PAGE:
Listicles game amazon

In journalism and blogging, a listicle is a short-form of writing that uses a list as its thematic structure, but is fleshed out with sufficient copy to be published as an article.[citation needed] A typical listicle will prominently feature a cardinal number in its title, with subsequent subheadings within the text itself reflecting this schema. The word is a portmanteau derived from list and article. It has also been suggested that the word evokes 'popsicle', emphasising the fun but 'not too nutritious' nature of the listicle.[1]

A ranked listicle (such as Rolling Stone's 'The 100 Best Albums of the Last Twenty Years') implies a qualitative judgement, conveyed by the order of the topics within the text.[citation needed] These are often presented in countdown order, and the 'Number One' item is the last in the sequence. Other listicles impart no such values, instead presenting the topics in no particular order, although they may be grouped by theme.[citation needed]

Listicles Meaning

15 Things Teachers Are So Tired of Hearing Right Now. Teaching, like all professions, has buzzwords and phrases that just don’t seem to. Listicles and Infographics are built on grabbing the best visual format and pictures available. Think of what strikes you more when you scroll across a page. Is it the headline, the picture, or the tiny font below that actually encompasses the content of the article? You mainly look at the headline and the picture above.


While conventional reportage and essay-writing often require the careful crafting of narrative flow, the building-block nature of the listicle lends itself to more rapid production. It can also be a means of 'recycling' information, as often it is the context, not the content, that is original. For example, one can construct a listicle by adding captions to YouTube clips. For these reasons, the form has come under criticism as a 'kind of cheap content-creation'.[2]

It's so easy you wonder why everyone doesn't do it until you realize that now it's all they do: Come up with an idea ('Top 10 Worst [X]') on the L train ride to the office that morning, [and] slap together 10 (or 25, or 100) cultural artifacts ripe for the kind of snarky working over that won't actually tax you at all as a writer/thinker.[2]

The blogger and technologist Anil Dash has disparaged the proliferation of listicles, particularly within the blogosphere, characterizing them in 2006 as the 'geek equivalents of Cosmo coverlines'.[3]

Nevertheless, the form remains a mainstay of the newsstand and of the web. The covers of magazines such as Cosmopolitan and Men's Journal regularly sport at least one, if not several listicles. In 2009 postings in the format '25 Random Things About Me' became an internet phenomenon, starting on Facebook but spreading to the broader web, and attracting considerable media coverage in the process.[4] Some websites, such as BuzzFeed, generate hundreds of listicles daily.[5]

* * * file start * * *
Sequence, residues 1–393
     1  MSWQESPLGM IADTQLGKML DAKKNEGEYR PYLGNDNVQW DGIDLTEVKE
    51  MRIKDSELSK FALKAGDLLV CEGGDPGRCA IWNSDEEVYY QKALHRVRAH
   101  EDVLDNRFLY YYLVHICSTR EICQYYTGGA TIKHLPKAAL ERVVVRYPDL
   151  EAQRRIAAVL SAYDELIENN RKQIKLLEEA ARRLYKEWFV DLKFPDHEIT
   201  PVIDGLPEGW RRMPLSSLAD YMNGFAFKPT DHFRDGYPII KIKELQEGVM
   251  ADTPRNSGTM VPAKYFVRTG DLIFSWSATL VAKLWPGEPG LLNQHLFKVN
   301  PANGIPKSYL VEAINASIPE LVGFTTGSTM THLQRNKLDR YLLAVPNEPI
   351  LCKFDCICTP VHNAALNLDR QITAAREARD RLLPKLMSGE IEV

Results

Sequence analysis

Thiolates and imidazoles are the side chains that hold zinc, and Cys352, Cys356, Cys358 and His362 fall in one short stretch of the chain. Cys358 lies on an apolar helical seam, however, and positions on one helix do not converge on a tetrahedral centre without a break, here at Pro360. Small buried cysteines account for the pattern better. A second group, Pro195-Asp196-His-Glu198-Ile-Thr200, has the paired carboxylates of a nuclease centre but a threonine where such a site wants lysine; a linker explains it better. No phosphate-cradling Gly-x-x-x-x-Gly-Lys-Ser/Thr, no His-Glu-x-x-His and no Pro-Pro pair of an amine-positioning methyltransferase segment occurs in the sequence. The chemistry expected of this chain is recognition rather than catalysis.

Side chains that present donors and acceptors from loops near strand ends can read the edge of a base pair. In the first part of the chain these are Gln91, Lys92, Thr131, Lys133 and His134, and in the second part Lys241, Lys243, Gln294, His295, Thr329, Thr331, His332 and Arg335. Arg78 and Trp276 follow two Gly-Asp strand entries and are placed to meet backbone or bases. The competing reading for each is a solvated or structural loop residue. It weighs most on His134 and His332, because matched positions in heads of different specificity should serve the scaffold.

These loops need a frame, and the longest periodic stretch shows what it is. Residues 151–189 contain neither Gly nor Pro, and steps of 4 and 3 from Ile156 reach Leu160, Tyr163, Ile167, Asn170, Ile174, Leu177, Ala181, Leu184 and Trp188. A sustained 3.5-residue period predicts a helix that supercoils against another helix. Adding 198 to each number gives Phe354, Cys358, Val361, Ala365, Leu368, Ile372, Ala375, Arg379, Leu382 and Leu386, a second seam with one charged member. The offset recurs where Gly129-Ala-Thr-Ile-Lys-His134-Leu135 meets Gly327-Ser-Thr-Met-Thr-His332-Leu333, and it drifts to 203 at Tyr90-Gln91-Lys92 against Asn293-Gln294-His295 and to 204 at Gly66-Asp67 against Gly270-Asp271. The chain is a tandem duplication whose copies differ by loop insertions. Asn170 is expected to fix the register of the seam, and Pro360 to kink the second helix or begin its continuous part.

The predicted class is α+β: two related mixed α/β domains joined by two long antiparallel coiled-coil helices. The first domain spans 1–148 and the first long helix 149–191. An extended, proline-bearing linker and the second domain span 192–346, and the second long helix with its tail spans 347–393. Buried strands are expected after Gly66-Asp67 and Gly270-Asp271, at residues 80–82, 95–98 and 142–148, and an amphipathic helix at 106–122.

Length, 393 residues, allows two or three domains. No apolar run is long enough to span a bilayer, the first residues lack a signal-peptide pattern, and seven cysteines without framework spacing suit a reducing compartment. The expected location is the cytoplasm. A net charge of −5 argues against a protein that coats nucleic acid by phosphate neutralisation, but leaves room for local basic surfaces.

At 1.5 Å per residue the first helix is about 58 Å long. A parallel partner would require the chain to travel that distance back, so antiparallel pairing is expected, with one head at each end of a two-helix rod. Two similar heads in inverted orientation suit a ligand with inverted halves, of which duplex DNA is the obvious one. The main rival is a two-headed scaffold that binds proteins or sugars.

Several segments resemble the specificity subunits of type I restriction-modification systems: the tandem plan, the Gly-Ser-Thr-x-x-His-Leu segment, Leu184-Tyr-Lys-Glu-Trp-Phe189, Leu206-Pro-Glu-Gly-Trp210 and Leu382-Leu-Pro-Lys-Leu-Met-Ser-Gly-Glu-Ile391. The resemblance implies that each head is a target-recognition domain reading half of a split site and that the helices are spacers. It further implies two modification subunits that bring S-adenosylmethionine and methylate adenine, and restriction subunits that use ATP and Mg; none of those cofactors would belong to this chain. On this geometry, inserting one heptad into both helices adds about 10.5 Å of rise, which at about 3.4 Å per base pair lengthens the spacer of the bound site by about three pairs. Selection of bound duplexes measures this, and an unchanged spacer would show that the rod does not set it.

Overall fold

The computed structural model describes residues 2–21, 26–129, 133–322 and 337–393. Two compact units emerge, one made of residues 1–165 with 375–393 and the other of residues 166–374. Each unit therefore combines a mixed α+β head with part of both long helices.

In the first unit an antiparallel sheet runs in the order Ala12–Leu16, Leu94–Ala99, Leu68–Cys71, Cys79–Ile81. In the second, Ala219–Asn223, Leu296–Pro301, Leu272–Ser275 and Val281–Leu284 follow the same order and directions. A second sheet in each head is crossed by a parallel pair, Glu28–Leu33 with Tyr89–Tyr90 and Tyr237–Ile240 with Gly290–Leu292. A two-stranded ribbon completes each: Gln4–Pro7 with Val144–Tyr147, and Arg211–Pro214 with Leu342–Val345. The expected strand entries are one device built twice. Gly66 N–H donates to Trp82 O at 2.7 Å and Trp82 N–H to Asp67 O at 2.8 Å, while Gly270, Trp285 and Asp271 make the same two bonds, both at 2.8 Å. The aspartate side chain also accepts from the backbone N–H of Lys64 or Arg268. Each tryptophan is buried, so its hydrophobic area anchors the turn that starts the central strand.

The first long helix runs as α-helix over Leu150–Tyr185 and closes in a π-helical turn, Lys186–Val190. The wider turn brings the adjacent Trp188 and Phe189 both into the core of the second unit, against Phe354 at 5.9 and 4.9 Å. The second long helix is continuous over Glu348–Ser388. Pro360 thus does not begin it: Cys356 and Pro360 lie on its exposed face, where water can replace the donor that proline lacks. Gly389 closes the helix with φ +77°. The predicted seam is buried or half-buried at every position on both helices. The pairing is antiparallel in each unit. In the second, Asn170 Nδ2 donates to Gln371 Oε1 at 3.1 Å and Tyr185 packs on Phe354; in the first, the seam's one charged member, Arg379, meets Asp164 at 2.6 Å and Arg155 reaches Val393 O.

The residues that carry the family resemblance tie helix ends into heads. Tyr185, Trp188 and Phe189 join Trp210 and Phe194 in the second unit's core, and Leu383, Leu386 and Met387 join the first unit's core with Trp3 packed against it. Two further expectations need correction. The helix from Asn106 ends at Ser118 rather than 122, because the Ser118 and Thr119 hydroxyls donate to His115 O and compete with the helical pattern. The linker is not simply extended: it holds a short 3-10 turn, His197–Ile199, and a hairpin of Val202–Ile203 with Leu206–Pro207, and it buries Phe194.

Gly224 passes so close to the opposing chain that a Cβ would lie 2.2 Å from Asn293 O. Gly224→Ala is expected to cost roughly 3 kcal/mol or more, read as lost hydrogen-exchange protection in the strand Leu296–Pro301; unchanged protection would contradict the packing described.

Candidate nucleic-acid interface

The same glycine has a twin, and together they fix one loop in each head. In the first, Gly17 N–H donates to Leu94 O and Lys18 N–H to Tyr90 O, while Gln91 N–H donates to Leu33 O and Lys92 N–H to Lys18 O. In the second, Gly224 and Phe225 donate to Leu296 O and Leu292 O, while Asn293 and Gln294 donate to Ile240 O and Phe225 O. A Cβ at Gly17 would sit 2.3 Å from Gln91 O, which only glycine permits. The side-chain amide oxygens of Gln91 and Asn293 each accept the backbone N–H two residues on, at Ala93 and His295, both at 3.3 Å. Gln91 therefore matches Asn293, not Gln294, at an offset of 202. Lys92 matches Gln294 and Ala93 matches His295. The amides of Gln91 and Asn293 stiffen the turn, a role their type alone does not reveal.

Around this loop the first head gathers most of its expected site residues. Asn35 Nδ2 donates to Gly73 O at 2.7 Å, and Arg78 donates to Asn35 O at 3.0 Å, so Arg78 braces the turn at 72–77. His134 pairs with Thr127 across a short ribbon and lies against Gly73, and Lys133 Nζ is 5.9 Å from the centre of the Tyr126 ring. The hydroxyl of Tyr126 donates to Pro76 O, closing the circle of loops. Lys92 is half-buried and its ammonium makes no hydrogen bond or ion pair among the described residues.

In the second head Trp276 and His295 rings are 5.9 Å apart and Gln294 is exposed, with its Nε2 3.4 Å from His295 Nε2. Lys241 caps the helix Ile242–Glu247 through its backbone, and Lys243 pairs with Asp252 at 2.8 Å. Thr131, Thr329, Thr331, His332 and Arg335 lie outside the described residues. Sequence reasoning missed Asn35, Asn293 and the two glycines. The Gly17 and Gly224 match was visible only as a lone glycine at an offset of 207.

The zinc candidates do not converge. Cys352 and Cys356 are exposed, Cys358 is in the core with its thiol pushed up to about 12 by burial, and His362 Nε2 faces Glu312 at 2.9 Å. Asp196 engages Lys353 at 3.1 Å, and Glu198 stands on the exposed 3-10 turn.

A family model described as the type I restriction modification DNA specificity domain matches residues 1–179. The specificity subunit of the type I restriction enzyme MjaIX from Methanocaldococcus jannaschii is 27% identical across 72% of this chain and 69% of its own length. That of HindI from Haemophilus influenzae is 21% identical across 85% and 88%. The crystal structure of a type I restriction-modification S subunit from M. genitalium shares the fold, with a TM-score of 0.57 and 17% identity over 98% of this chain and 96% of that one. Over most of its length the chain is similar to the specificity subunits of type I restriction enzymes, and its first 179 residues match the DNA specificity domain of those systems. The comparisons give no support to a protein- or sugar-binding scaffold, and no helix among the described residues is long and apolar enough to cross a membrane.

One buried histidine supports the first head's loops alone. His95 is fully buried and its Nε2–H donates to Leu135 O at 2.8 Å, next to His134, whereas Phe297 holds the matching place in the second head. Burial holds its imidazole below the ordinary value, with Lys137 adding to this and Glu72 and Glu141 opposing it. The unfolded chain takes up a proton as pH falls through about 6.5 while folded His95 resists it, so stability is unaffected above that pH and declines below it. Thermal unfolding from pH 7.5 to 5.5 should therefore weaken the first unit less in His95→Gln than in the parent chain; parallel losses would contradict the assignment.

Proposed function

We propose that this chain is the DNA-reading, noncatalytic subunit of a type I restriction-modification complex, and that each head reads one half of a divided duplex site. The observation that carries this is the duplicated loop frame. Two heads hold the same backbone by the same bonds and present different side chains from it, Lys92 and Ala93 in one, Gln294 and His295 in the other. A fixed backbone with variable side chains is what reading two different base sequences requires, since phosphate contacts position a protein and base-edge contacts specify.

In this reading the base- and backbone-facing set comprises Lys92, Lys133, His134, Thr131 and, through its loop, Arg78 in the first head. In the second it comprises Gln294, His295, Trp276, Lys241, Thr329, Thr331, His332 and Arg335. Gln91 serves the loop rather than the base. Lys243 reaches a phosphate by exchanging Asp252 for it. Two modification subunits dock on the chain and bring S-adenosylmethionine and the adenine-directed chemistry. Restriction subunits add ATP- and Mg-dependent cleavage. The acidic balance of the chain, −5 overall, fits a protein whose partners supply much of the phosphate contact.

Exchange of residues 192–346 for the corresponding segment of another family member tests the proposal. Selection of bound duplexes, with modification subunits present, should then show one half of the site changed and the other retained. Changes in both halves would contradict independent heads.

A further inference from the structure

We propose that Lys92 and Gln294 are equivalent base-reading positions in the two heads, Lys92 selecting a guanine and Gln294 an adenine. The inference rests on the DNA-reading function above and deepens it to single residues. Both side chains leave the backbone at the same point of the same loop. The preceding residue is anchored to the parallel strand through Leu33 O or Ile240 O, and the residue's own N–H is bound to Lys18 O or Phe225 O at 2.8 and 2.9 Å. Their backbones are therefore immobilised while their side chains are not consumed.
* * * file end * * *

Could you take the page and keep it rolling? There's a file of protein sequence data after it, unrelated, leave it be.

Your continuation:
Steven Poole has suggested the form has literary precursors like Jorge Luis Borges's 'The Analytical Language of John Wilkins', and compares it to more high-art versions like Umberto Eco's The Infinity of Lists, a book composed entirely of lists.[6]

See also[edit]


  1. ^Okrent, Arika. 'The listicle as literary form The University of Chicago Magazine'. Mag.uchicago.edu. Retrieved 2017-03-13.
  2. ^ ab'Blender Jerks Off Another 'Worst' List'. idolator. 2007-10-09. Retrieved 2020-11-08.
  3. ^'It's Always August'. Anil Dash. August 31, 2006. Retrieved January 31, 2013.
  4. ^Taylor, Marisa (February 10, 2009). 'Facebook Mystery: Who Created '25 Random Things About Me'?'. The Wall Street Journal. Retrieved January 31, 2013.
  5. ^Alpert, Lukas I. (January 29, 2015). 'BuzzFeed Nails the 'Listicle'; What Happens Next?'. The Wall Street Journal. Retrieved November 1, 2016.
  6. ^Poole, Steven (12 November 2013). 'Top nine things you need to know about 'listicles''. The Guardian.

External links[edit]

  • The dictionary definition of listicle at Wiktionary
  • What Is a Listicle?, by Jo Christy
  • 23 Reasons Why We Should Snort at Listicles, by Alfred A. Yuson
Retrieved from 'https://en.wikipedia.org/w/index.php?title=Listicle&oldid=994261644'

Effective content marketing strategy should contain fourtypes of content: attraction, authority, affinity, and action. Over time, thesefour types of content fulfill their individual purposes, providing a brand witha new audience, leads, community, and loyalty.